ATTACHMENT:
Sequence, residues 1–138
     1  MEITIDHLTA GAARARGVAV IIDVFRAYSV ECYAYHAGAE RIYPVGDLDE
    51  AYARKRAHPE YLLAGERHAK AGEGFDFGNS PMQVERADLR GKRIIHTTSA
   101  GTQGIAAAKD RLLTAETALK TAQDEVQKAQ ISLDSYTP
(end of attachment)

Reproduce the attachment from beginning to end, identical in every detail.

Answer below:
Sequence, residues 1–138
     1  MEITIDHLTA GAARARGVAV IIDVFRAYSV ECYAYHAGAE RIYPVGDLDE
    51  AYARKRAHPE YLLAGERHAK AGEGFDFGNS PMQVERADLR GKRIIHTTSA
   101  GTQGIAAAKD RLLTAETALK TAQDEVQKAQ ISLDSYTP